Courtly art of the ancient Maya
Fine Arts Museums of San Francisco
, 2004 - Art
- 304 pages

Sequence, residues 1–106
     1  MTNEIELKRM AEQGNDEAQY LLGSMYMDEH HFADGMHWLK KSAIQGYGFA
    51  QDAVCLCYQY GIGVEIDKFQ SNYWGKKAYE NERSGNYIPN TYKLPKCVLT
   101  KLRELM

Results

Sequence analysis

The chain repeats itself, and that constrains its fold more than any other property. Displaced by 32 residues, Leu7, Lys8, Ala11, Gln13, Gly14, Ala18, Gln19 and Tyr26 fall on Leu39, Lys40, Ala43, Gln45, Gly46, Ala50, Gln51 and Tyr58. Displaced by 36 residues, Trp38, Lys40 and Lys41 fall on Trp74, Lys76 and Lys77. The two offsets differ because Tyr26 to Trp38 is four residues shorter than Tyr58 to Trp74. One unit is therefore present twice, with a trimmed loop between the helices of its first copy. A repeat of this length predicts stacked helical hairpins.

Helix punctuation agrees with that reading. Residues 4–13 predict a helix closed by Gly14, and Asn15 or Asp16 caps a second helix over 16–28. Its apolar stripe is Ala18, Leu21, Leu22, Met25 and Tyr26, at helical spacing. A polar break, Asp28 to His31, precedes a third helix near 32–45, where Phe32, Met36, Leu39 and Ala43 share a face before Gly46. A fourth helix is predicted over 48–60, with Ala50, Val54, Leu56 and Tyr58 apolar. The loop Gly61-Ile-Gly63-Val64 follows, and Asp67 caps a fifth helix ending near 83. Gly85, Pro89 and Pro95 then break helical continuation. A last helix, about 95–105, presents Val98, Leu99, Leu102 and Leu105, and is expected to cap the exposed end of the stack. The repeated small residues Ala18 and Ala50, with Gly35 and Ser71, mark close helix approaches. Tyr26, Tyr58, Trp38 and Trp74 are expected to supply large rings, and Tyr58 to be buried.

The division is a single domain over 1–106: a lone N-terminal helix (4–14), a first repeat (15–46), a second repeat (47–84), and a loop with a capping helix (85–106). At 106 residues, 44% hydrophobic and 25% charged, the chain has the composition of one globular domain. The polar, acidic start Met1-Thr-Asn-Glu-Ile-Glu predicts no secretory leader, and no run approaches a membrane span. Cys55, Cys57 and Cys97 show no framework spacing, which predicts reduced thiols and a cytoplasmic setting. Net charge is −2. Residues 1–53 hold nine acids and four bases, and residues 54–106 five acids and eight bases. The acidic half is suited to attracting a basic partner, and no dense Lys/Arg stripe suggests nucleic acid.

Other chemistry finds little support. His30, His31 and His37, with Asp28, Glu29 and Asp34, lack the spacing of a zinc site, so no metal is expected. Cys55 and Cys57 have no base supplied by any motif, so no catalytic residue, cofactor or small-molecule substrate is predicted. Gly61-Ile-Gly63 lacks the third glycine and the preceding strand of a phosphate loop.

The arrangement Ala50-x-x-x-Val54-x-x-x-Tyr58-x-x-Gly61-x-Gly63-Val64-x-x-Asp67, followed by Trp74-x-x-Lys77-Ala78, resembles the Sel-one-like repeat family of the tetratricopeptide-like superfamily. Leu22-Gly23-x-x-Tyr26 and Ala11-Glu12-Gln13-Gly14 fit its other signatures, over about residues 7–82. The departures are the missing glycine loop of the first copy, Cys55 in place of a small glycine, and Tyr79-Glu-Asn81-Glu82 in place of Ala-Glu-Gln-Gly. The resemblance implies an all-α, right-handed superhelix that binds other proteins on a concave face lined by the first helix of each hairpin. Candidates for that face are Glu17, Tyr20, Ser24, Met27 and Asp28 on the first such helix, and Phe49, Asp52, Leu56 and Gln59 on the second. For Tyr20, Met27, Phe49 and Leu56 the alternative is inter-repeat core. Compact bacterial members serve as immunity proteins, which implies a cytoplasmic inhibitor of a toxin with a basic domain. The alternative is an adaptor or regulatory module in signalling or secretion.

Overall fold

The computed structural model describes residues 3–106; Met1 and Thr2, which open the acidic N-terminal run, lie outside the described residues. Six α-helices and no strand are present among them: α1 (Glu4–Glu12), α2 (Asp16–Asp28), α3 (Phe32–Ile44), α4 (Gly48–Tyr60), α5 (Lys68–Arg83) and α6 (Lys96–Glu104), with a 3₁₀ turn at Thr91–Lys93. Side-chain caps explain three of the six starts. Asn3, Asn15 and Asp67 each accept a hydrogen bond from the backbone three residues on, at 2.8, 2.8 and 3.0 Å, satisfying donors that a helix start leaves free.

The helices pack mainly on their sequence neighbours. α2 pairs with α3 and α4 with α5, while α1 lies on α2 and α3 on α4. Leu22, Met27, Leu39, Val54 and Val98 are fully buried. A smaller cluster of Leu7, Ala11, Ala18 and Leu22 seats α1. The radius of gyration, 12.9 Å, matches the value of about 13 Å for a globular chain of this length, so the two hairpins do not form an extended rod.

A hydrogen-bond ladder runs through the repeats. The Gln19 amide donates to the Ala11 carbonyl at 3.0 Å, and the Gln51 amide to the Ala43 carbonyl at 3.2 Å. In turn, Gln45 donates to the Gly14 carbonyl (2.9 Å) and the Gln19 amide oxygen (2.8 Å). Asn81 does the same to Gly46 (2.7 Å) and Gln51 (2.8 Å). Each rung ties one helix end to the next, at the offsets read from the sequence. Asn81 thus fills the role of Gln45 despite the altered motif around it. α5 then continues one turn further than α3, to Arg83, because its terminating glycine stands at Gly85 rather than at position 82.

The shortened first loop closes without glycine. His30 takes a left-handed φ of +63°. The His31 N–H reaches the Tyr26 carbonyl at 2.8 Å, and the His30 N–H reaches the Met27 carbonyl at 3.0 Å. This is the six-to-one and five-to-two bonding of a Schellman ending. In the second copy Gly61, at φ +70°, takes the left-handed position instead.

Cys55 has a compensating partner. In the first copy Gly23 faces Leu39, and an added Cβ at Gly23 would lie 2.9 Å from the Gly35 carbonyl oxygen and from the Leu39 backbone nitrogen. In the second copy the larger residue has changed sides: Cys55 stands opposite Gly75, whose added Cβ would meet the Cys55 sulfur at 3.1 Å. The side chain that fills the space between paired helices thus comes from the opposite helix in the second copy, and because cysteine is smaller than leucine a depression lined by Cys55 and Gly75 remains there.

Maya artistic expression during the second half of the first millennium reached the highest peaks of opulence and cultural refinement in the New World. Living in a tropical rain forest, supported by a society of astonishing wealth and complexity, the ancient Maya kings and queens commissioned extraordinary works of art and architecture in order to memorialize themselves and to ensure their place in history. Seated on thrones of jaguar pelt, rulers contemplated the social, religious, and political affairs of their kingdom while a coterie of dwarves, hunchbacks, scribes, singers, actors, fan bearers, and drummers catered to their every need. Supplicants of lordly favor brought lavish gifts and tribute, cloth and shells, beads and cacao. From one generation to another, nobles began to take on additional titles, providing an ever more refined notion of courtly rights and responsibilities, rankings and rituals. Published to accompany a touring exhibition, this groundbreaking book gathers together the latest research into Maya civilization and hundreds of illustrations to illuminate their achievements. Nowhere is this more spectacularly revealed than at Palenque, but the courtly world becomes more tangible to us too from works found at Tonina, Yaxchilan, Bonampak, and Copan, among other places. Ceramic censers, stucco heads, jade masks, terracotta figurines, incised wood boxes, great carved limestone lintels--the range of objects is astounding, and they have been drawn together from major collections in the Americas, Europe, and Australia.